This was race that showcased the best and worst of Formula 1, producing a first time winner and a memorable comeback to a podium finish. Avoiding trouble at the start and astute strategy calls were key to success, but where some drivers took full advantage, others made key errors that cost them dearly

The "heart-breaking" call that led to Ocon's Hungarian GP triumph Prime

The "heart-breaking" call that led to Ocon's Hungarian GP triumph

Set to restart the red-flagged Hungarian Grand Prix in second, Esteban Ocon had some doubts when he peeled into the pits to swap his intermediate tyres for slicks. But this "heart-breaking" call was vindicated in spectacular fashion as the Alpine driver staved off race-long pressure from Sebastian Vettel for a memorable maiden Formula 1 victory

The F1 champion who became an Indy king in his second career Prime

The F1 champion who became an Indy king in his second career

Emerson Fittipaldi’s decision to go racing with his brother led to him falling out of F1, but he bloomed again on the IndyCar scene. NIGEL ROEBUCK considers a career of two halves

Formula 1
Jul 31, 2021
Why Mercedes is pleased to be in the Hungary hunt at a 'Red Bull track' Prime

Why Mercedes is pleased to be in the Hungary hunt at a 'Red Bull track'

Mercedes ended Friday practice at the Hungaroring with a clear gap to Red Bull thanks to Valtteri Bottas’s pace in topping FP2. But there are other reasons why the Black Arrows squad feels satisfied with its progress so far at a track many Formula 1 observers reckon favours Red Bull overall...

Formula 1
Jul 30, 2021
How Red Bull endured its second car crash in two weeks Prime

How Red Bull endured its second car crash in two weeks

OPINION: Red Bull was justified to be upset that Lewis Hamilton survived his British GP clash with Max Verstappen and went on to win. But its attempts to lobby the FIA to reconsider the severity of Hamilton's in-race penalty were always likely to backfire, and have only succeeded in creating a PR disaster that will distract from its on-track efforts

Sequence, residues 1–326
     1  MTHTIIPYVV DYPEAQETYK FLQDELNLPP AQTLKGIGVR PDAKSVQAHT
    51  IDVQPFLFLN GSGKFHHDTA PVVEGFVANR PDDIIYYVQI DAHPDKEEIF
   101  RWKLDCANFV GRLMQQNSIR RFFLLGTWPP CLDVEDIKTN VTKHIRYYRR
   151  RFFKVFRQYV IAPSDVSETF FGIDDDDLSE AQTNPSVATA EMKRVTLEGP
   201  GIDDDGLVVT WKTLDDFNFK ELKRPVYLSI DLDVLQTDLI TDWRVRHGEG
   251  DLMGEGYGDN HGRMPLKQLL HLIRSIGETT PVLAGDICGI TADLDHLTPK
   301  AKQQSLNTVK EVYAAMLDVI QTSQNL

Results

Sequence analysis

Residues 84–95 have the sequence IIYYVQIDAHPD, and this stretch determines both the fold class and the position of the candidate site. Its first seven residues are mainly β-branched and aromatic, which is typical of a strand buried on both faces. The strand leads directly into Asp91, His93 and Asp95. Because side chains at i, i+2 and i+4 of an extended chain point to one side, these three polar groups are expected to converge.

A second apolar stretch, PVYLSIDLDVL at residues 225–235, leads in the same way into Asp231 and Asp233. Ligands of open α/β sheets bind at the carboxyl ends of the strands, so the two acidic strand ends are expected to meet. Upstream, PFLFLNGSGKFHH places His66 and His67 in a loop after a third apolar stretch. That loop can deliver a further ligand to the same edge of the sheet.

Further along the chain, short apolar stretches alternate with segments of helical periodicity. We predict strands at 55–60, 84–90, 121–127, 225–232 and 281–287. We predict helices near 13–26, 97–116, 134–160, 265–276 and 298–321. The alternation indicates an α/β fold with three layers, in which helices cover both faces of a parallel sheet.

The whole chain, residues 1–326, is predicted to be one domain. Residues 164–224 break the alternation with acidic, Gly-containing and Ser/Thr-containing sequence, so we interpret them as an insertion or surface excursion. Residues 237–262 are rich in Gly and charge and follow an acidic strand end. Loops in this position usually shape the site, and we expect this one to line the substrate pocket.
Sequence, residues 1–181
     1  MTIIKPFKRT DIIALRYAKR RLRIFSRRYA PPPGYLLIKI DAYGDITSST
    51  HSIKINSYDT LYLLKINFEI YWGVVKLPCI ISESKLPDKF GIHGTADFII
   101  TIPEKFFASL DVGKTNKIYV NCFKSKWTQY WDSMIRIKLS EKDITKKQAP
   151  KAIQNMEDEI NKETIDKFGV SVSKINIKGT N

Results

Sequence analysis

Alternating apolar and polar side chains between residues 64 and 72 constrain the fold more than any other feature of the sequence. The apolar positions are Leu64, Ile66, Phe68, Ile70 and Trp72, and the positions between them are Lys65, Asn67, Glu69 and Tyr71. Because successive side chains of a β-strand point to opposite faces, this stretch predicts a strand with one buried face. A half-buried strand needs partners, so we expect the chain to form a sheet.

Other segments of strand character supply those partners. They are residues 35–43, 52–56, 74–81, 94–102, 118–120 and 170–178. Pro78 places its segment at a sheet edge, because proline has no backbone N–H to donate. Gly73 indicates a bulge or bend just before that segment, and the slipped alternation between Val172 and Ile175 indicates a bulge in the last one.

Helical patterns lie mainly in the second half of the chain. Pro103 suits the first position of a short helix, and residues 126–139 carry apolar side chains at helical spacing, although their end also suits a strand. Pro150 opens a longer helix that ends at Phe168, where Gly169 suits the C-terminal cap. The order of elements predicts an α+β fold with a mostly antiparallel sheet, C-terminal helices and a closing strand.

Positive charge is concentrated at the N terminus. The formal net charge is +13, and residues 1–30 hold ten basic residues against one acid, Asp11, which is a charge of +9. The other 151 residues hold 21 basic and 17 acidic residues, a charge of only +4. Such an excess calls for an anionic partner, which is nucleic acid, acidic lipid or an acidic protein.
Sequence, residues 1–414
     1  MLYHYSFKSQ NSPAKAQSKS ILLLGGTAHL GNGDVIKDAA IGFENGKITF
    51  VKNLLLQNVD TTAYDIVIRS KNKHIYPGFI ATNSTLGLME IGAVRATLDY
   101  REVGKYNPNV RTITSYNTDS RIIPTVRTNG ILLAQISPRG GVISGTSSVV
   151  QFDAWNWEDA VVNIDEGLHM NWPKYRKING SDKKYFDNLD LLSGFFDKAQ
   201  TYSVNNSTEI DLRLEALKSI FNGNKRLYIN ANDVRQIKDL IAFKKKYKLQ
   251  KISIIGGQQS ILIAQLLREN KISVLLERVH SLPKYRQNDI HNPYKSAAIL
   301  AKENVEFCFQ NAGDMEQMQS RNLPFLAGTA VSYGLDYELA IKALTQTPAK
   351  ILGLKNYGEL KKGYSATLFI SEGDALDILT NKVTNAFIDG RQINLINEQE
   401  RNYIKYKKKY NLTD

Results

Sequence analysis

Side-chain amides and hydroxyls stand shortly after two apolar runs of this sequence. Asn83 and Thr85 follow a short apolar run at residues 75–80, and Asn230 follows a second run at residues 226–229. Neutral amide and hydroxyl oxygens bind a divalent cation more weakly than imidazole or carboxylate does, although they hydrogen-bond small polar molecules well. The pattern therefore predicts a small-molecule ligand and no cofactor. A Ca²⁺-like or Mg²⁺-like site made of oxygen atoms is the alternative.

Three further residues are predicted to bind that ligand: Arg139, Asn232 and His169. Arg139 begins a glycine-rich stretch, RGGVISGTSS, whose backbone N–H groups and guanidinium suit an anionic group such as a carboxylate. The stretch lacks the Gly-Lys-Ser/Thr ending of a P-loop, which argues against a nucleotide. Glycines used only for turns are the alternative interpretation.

Formula 1
Jul 30, 2021
The ‘screaming’ F1 engine future that may not be out of reach Prime

The ‘screaming’ F1 engine future that may not be out of reach

OPINION: It wasn't just the Verstappen/Hamilton clash that had the Red Bull and Mercedes bosses at loggerheads at Silverstone, with the nature of Formula 1's 2025 engines also subject for disagreement. But hopes to have loud, emotive engines that are also environmentally friendly don't have to be opposed.

Formula 1
Jul 29, 2021
How Lotus uncovered, then squandered its last ‘unfair advantage’ Prime

How Lotus uncovered, then squandered its last ‘unfair advantage’

Cast in the mould of its founder Colin Chapman, Lotus was powerful and daring but flawed – as it proved through further soaring peaks and painful troughs into the 1980s. DAMIEN SMITH examines a game-changing era

Formula 1
Jul 27, 2021
The core problems Yas Marina’s long-awaited tweaks won't address Prime

The core problems Yas Marina’s long-awaited tweaks won't address

OPINION: Changes to the layout of Abu Dhabi’s circuit aim to reverse the trend of insipid Formula 1 races there - the promoter has even described one of the new corners as “iconic”. And that, argues STUART CODLING, is one of this venue’s abiding failings

Formula 1
Jul 26, 2021